Laureates in Literature, and has 18 members. The Nobel Committee for
Literature is the working body that evaluates the nominations and
presents its recommendations to the Swedish Academy, and comprises four
to five members.
The candidates eligible for the Literature Prize are those nominated
by qualified persons who have received an invitation from the Nobel
Committee to submit names for consideration. Other persons who are
qualified to nominate but have not received invitations may also submit
nominations. No one can nominate himself or herself.
There are a couple guidelines stipulating as to who would constitute
the nominators of the Nobel Prize for Literature. The qualified
nominators may be drawn from members of the Swedish Academy and of other
academies, institutions and societies which are similar to it in
construction and purpose, Professors of literature and of linguistics at
universities and university colleges, Previous Nobel Laureates in
Literature and presidents of those societies of authors that are
representative of the literary production in their respective countries.
Social currency of the Nobel Prize
It is noteworthy to observe the fact that the universal acclaim that
the Nobel Prize for Literature has gained over the years despite some
controversy over the selection process, is more or less due to its
recognition of literary excellence.
Almost all the Nobel Prize winning literary works are outstanding
literary works irrespective of the fact whether they are originally
written in English or in their translations.
The Man Booker Prize also maintains its reputation largely due to the
truly recognition of literary excellence. So far the selection process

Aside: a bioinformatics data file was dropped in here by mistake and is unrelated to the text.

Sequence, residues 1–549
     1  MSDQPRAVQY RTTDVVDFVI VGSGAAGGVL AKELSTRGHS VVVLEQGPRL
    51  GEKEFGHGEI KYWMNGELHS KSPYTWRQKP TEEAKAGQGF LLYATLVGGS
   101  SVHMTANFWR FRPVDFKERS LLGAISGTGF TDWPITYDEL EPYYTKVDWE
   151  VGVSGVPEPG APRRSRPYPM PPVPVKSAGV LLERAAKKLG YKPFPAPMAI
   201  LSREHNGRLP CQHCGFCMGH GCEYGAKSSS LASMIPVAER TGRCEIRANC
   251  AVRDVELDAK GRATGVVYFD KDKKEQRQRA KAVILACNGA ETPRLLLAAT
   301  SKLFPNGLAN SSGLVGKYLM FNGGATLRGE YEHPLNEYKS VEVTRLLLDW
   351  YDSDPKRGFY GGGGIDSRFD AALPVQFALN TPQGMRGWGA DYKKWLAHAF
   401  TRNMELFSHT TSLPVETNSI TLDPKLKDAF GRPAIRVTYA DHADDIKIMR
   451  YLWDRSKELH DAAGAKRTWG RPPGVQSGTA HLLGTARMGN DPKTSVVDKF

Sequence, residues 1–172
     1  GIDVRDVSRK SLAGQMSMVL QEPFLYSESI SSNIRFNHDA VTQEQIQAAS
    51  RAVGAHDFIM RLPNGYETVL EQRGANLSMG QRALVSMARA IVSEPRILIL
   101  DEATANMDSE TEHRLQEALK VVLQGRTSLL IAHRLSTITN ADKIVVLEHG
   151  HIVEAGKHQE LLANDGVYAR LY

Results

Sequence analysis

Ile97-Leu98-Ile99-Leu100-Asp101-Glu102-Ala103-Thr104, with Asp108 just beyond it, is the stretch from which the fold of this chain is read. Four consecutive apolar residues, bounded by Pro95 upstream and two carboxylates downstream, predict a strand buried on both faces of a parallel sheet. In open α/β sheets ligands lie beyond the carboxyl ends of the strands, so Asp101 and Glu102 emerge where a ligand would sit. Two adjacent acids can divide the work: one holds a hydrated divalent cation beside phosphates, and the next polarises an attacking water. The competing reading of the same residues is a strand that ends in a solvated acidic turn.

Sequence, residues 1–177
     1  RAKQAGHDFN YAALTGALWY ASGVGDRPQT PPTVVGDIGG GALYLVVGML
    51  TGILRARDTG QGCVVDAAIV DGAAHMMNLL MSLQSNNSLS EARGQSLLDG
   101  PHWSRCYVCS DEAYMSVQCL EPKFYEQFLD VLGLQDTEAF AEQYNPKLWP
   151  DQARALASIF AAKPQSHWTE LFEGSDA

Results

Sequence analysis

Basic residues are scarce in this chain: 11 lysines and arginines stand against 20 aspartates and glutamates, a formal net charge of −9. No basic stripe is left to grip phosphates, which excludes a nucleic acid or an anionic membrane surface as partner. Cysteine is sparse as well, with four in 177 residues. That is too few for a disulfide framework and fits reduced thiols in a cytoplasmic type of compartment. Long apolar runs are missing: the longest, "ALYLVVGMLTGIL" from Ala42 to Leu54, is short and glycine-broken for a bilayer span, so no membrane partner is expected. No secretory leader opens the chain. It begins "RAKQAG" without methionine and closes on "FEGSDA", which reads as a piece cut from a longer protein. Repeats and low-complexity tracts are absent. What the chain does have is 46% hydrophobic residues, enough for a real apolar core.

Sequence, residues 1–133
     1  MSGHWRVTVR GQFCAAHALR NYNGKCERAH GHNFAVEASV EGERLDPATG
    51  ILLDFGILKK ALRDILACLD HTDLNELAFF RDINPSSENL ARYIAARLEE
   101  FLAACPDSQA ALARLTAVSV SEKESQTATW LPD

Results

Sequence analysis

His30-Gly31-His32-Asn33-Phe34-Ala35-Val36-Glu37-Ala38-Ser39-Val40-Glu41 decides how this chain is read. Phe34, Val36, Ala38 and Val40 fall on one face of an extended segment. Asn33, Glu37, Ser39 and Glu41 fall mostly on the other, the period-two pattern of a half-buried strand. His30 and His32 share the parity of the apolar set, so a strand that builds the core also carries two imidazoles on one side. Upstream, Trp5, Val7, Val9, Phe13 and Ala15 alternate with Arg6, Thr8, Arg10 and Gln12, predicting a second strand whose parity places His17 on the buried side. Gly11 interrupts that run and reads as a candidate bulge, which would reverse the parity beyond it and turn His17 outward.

has been maintaining a higher degree of professionalism and objectivity
in short listing and presenting awards for the selected literary work.
In comparison with The Nobel Prize for Literature and a host of other
literary awards such as The Man Booker Prize, Orange Broadband Prize for
Fiction, what seems to be absent in Sri Lankan literary awards, both for
Sinhalese and English literary productions, is professionalism and
objectivity in the selection process.
The emphasis seems to be on personal or different kinds of
relationships between the author and the selection committee or the
panel of judges rather than on the literary excellence of the works
submitted for the selection.
Unlike the authors who won and shortlisted for international literary
awards, some authors seem to depend on awards to prop up their public
image and to make a quick sale exploiting the reputation of the awards.
However, the fact remains that literary zest of the book is in the
reading and ultimately what matters for readers is not the award-tag on
the book but the literary excellence of the book which would in some way
enrich their lives.
It is high time that Sri Lankan readers should ponder on whether Sri
Lankan literary awards, so far, have lived up to their noble objectives
often enunciated in their brochures.
If the selected literary productions are not worthy of the literary
award conferred, marketing strategies and grand ceremonies would reduce
to mocking theatrical exercises amusing the readers on annual basis.